In previous posts we’ve expressed concern – to put it mildly – over the role emerging biofuel markets are having in accelerating tropical deforestation. In our posts “Deforestation and Global Warming,” “Biofueled Ethanol,” “Reforest the Tropics,” “IPCC 2007 & Deforestation,” “Is Biofuel Carbon Neutral?,” “Biofueled Global Warming,” and many others, we make the case that tropical deforestation is the most significant cause of desertification and droughts on earth, it is a major cause of extreme weather, and, along with other changes in land use, may actually have as much or more to do with global warming than industrial CO2 emissions.
Now we have a story in the St. Louis Post, dated April 15, 2007, entitled “Ethanol Plants Come With Hidden Costs: Water,” which surveys the impact ethanol refineries may have on fresh water supplies. Here’s an excerpt:
“The ethanol industry says it takes about 3 gallons of water on average to produce a gallon of ethanol and that recycling and other water-saving innovations will reduce that amount. Sometimes that consumption is understated: In Minnesota, one of the few states that require reporting of water use, a state study in 2005 found that ethanol plants used an average of 4.5 gallons for every gallon of ethanol. The water drawn for ethanol is a cost borne by communities — or whole regions — and a price sometimes ignored in the planning stages for new plants, experts say.”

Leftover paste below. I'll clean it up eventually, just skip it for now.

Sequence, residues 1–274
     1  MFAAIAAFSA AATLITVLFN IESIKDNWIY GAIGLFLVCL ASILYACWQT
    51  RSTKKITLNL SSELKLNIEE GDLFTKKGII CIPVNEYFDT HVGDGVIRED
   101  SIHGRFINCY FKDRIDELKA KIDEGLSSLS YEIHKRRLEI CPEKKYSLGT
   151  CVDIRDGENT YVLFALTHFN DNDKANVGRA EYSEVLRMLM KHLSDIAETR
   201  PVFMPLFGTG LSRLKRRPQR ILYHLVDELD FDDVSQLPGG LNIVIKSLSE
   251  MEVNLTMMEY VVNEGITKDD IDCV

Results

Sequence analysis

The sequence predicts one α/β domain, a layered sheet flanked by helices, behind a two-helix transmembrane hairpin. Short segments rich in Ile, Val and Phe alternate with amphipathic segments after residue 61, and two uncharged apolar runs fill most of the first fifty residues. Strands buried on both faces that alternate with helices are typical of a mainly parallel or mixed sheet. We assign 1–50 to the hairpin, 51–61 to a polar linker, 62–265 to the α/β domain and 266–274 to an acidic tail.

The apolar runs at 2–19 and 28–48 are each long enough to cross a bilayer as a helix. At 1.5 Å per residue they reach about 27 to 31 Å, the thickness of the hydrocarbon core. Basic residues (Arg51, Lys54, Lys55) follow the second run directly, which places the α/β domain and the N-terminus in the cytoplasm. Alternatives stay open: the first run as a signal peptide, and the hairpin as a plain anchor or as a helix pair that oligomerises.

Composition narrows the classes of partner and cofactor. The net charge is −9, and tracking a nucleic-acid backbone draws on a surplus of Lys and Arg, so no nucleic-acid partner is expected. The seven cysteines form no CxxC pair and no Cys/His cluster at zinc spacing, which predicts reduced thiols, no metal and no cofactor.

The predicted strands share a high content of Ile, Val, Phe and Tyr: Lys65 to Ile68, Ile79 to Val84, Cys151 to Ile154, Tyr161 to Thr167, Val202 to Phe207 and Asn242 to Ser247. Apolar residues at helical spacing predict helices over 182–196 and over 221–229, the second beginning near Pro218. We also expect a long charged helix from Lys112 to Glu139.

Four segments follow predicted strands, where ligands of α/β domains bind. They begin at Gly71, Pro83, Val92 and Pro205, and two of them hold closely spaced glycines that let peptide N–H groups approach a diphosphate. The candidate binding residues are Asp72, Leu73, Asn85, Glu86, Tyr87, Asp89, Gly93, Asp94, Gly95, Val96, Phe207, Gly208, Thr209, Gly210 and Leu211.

Not mentioned in this story, of course, is the cost in water to irrigate the corn to produce the feedstock – the 3.0 to 4.5 gallons of water required for ethanol refining doesn’t include the water required to grow the corn, and corn is a relatively water-intensive crop.
Another cause of global warming we believe to be grossly understated to-date by climate scientists is the impact of depleted water tables, which increases the thermal conductivity of any land where the water tables have dropped significantly. Notwithstanding the potential global warming impact of depleted aquifers, the health of aquifers is an important and under-recognized factor influencing general environmental health, imperiling springs that feed aquatic ecosystems, as well as supplies of water for people. And often once these aquifers are depleted too much, it becomes difficult if not impossible to replenish them.
Ethanol proponents have correctly debunked the notion that ethanol is not energy-positive. While not as energy-positive as sugar cane, corn ethanol does embody more energy than is required to make it. But the impact of ethanol production on land use, the impact of ethanol production on water consumption, and the impact of ethanol production on water tables and aquifer health is not sufficiently understood.
Many forms of ethanol and biofuel production in general are very promising – but environmentalists are way behind in developing proper certification for biofuel crops, and as a result, for now it is probably accurate to say that biofuel mania is doing more harm than good to our global environment.